Me, the Mother, Grimacing

Sunday morning, my daughter drives on icy roads to meet a friend to ski. In the passenger seat, I grimace. There’s no more polite way to reveal my actions: I’m grimacing. My daughter — perfectly capable, but my God, she’s 15, driving on icy roads.

She intends to be driving thus for decades to come, without me, of course, grimacing away in the passenger seat.

We head over the mountain and down along the river where the roads improve. Driving, she talks to me, as if the steering wheel has loosened her natural reticence. She laughs and confides, there’s just so much you don’t need to know.

Oh, my Queen of Economy. Wise and experienced beyond your years.

On the way home, we stop for coffee, and I drive while she eats and talks and plays country music that, good lord again, I’m becoming quite fond of.

Who knows will happen next year, this summer, this spring, this very week — goodness, even this afternoon with so much yet spread out before us? For this moment, here we are.

On the way home, I pull over, hand her the keys, and knock off the grimacing.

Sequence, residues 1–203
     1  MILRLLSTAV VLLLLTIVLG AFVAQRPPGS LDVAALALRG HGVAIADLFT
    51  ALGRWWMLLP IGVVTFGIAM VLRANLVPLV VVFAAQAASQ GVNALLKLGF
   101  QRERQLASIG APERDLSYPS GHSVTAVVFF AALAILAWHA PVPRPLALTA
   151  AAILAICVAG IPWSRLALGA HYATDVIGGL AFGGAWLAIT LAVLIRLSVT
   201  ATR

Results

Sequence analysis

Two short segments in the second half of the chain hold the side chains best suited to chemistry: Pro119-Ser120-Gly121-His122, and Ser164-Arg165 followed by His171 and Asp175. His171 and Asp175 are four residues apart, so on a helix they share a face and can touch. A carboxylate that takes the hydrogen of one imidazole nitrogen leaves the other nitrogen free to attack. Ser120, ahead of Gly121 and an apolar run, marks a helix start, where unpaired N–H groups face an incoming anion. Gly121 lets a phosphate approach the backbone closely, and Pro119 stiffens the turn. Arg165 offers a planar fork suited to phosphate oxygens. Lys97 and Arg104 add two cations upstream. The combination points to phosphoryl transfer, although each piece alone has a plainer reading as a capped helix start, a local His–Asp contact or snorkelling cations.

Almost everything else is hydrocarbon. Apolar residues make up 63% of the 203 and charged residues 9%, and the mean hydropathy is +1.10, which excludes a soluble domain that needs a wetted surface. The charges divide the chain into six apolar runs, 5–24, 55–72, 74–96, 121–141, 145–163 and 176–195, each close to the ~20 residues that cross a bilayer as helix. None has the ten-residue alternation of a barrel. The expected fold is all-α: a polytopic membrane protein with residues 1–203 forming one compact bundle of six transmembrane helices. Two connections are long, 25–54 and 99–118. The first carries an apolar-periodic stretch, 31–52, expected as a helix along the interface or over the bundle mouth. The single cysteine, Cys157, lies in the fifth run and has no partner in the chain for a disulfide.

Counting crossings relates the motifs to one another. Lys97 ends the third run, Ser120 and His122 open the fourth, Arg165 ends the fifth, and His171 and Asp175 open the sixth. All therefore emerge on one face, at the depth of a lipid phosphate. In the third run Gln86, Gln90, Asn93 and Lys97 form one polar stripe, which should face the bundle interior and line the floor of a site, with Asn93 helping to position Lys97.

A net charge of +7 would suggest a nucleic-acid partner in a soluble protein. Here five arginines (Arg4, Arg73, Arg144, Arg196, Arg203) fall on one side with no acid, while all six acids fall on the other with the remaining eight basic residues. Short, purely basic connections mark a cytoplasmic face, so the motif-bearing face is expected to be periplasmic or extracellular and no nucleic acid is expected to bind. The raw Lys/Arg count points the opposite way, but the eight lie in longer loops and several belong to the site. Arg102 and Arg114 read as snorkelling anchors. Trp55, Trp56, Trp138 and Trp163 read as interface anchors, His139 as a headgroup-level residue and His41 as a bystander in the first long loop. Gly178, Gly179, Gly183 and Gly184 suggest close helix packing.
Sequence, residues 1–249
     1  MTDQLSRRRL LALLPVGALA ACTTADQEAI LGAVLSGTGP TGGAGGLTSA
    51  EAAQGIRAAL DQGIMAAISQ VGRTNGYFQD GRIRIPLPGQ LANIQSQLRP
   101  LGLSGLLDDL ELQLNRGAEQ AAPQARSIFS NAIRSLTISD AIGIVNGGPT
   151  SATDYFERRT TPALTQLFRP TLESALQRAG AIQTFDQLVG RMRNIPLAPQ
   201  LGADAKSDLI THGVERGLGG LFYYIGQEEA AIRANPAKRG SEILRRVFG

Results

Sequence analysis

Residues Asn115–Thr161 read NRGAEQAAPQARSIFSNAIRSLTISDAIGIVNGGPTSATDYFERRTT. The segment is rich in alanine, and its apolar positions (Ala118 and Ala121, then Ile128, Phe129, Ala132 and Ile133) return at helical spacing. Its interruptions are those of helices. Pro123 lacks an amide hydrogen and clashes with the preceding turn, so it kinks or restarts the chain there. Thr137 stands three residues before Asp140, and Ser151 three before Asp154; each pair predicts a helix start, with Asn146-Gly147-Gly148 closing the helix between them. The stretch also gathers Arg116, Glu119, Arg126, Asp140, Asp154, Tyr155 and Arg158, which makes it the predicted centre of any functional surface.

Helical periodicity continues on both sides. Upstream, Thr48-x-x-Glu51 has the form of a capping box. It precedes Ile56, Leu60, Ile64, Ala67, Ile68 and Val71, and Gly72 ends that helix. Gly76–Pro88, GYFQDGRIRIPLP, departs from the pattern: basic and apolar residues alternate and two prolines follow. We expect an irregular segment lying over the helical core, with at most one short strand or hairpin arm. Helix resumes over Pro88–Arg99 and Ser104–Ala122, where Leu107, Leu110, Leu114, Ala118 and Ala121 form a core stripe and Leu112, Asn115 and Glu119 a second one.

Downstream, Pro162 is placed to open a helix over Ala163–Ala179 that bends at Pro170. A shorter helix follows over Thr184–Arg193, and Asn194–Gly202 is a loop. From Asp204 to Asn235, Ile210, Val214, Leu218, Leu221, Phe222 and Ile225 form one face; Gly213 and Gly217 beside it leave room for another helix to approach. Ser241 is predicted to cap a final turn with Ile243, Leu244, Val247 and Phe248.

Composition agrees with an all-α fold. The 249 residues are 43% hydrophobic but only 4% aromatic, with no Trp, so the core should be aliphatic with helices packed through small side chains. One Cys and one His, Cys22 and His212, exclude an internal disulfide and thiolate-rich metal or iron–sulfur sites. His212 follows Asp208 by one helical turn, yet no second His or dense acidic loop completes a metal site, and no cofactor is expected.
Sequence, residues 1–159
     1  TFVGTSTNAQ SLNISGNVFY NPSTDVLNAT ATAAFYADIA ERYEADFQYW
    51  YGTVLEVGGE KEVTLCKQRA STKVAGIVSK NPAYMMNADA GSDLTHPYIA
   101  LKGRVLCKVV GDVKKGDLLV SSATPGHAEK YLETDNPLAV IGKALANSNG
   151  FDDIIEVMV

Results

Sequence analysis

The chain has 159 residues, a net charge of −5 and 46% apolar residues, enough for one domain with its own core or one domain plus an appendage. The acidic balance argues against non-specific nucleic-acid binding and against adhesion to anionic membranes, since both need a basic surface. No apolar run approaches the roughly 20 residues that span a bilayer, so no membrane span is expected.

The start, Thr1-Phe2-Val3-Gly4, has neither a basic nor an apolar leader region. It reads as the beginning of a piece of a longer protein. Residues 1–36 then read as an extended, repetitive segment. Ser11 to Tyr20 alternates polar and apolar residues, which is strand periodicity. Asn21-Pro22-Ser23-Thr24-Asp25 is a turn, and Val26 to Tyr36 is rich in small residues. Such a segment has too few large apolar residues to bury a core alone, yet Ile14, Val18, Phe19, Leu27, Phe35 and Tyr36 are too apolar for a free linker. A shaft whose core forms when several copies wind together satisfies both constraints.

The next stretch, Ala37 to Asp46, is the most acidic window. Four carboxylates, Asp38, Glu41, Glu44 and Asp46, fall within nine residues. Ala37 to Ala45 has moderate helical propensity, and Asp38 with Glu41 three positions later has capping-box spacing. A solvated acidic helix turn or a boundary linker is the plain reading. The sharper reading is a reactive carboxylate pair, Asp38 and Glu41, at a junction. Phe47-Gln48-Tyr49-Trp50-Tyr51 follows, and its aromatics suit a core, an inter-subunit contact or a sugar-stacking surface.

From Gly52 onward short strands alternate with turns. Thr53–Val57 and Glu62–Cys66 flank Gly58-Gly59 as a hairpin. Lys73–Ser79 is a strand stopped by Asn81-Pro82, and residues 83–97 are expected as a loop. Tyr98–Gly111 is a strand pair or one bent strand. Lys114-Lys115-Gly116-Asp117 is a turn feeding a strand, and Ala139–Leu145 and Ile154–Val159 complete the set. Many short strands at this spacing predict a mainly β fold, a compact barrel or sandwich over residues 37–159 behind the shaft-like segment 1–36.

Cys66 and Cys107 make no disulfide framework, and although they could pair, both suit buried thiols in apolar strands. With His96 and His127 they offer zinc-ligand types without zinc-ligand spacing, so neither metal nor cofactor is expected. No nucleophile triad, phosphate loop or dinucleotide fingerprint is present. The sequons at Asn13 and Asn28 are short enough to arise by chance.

Coyotes feed themselves on gaunt dreams of spring. 

— David Budbill, “March”

East Burke, Vermont

By Brett Ann Stanciu

Brett Ann Stanciu lives with her two daughters in Hardwick, Vermont. Her creative nonfiction book, Unstitched: My Journey to Understand Opioid Addiction and How People and Communities Can Heal, will be published by Steerforth Press in September 2021. Her novel about rural life in Vermont, Hidden View, was published in 2015.

11 comments

  1. My wife enquired about my serene outlook on being a student driver copilot; my only explanation was that I am older and have lived a good life. I almost added and my life insurance would pay off the mortgage for her, then I realized that this may mean I am actually worth more dead than alive at this point. So I left that part out.

  2. In high school drivers ed class the front passenger/instructor side had a brake Brett, but he was usually too busy eating his honey bun and drinking his RC Cola or Tab. Ah, those were the days. GT

  3. We seem to live somewhat parallel “single Mom to learners permit holding teen girls” lives. Last night was the all important lesson in how to avoid suicidal deer. Where we diverge…country music. My daughter loves it too, but I have a real hard time warming up to the genre. Alas, I suppose she feels the same about Led Zeppelin.

    1. We really are on the same path. That suicidal deer conversation happened in our car, too. It might be more than I am acquiescing to country music, or wearing down, or maybe I’ve just changed. Wish we could share some Led Zeppelin moments. 🙂

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